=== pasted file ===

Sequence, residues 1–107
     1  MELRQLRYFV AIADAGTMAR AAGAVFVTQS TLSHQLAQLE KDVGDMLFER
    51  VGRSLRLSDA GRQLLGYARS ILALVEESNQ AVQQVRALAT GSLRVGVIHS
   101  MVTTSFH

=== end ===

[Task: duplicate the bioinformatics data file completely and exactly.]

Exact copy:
Sequence, residues 1–107
     1  MELRQLRYFV AIADAGTMAR AAGAVFVTQS TLSHQLAQLE KDVGDMLFER
    51  VGRSLRLSDA GRQLLGYARS ILALVEESNQ AVQQVRALAT GSLRVGVIHS
   101  MVTTSFH